OK, maybe not a French Flag.  But the Enlightenment ideals which informed the American Revolution were the same as those that fueled the destruction of the estates in France.  And the Enlightenment was a specific response to the ABUSES OF RELIGION.  Such as… for instance… the church legislating itself into power all across Europe.

So enough with the bullshit history, please.  And enough with the claim that Ten Commandments statues are not about religion.

 

 

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Discussion

7 thoughts on “Louisiana Approves Ten Commandments Monument

  1. Great post, couldn’t have broken it down any better myself.

    Posted by SF | June 9, 2011, 5:47 pm
  2. Are they putting up the Jewish, Catholic or Protestant versions of the Commandments?

    Posted by Athol Kay: Married Man Sex Life | June 9, 2011, 7:56 pm
  3. Great! Except that I take issue with your statement “There are exactly THREE laws in America based on the Ten Commandments.” Our laws against murder, theft and perjury are based on our need to be able to get along with each other, not on the ten commandments, and they have legal precedents going back WAY further than that.

    Posted by Ben Weaver | June 11, 2011, 10:32 pm
  4. Thanks, Ben. That’s a great point 🙂

    Posted by Living Life Without a Net | June 11, 2011, 10:57 pm
  5. Great! And so I guess atheists now want to erect statues of Marx, Mao, and Stalin.

    J/K! Couldn’t resist.!

    Posted by PG | June 12, 2011, 1:10 am
  6. Let’s be fair as atheists and Christians and not write a revisionist history of America. We are guilty of that on both sides. The Founding Fathers had a high regard for the Bible. Having said that, many of them did not fall into what we would categorize as Christianity today. Jefferson is a prime example as he had a real issue with supernatural works attributed to Jesus. However, I believe if you interviewed him he would admit to the Bible’s influence on the fundamental ideals of America. However, he would also admit influence from many other ancient sources. The biggest mistake we can make is to eradicate all religion from the history of early America. Were there Christians? Yes. Deists? Yes. Even atheists, one of our most brilliant founding fathers, Thomas Paine, had real issues with systems of faith. America is a diverse nation. It’s not a theocracy. However, I do not believe that excludes exhibiting religious statues and such. Are we going to tear down the Supreme Court building because it bears the image of the Ten Commandments and Moses? How did they end up there? Part of our diverse heritage. Please let us all remember, the Founding Fathers wanted a place with freedom of religion, not freedom from religion. By that I mean, not having one national church where attendance is mandatory and run by the government (as they had seen with the Church of England). I don’t believe they would object to this monument. The words “seperation of church and state” are not found in the Constitution. Religion has always been a part of government, as Congress has always started with prayer. The ideal here needs to be that religion does not dictate how to govern, and the government does not dictate how to worship. I do realize we get into tricky territory when tax payer dollars are used to erect religious monuments or they are erected on government ground. I also understand that sometimes an underlying agenda is present in erecting monuments like this, perhaps not to honor our heritage but to try and force a set of religious beliefs on people.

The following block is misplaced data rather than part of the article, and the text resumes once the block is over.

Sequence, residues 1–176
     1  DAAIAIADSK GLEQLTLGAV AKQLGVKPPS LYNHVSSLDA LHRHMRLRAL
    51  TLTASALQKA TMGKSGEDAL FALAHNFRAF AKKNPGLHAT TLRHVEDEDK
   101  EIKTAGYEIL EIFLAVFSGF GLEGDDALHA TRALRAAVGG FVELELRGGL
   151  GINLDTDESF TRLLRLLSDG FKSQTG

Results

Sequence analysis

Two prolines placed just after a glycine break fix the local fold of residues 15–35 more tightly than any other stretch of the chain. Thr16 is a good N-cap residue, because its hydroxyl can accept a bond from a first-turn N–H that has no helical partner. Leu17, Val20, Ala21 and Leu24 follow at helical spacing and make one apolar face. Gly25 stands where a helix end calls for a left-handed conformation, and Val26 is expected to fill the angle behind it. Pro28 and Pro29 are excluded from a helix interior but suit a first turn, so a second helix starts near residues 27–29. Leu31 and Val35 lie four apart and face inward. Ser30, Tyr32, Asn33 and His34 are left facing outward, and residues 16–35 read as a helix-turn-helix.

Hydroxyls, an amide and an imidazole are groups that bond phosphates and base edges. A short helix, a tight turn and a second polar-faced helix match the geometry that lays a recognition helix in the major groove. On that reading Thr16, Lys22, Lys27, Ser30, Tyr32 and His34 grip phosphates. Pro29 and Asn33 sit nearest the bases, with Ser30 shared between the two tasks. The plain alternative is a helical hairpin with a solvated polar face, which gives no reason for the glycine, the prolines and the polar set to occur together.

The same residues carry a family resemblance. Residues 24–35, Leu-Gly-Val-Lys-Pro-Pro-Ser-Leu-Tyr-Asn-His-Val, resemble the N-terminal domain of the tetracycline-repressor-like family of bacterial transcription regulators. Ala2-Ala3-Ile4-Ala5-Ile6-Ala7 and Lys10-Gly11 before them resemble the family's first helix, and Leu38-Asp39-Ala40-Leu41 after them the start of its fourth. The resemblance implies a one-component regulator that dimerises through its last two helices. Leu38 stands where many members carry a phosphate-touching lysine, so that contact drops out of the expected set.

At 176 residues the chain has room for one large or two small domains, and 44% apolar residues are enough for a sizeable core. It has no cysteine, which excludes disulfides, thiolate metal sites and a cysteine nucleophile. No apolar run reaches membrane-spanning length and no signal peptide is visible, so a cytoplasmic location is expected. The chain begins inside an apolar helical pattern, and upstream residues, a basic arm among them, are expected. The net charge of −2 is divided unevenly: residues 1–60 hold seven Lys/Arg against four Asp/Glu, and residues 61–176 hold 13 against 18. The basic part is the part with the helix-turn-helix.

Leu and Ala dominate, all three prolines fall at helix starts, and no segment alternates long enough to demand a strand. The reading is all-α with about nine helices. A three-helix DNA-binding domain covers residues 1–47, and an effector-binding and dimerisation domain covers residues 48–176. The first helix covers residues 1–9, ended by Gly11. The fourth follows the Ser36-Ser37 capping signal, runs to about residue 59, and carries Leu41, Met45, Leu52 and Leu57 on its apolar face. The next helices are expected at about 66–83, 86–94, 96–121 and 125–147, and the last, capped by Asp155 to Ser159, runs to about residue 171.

Posted by Randy | June 17, 2011, 9:09 am
  7. Looks like you lost this one God. LOL

    Posted by nashka | April 10, 2013, 12:13 pm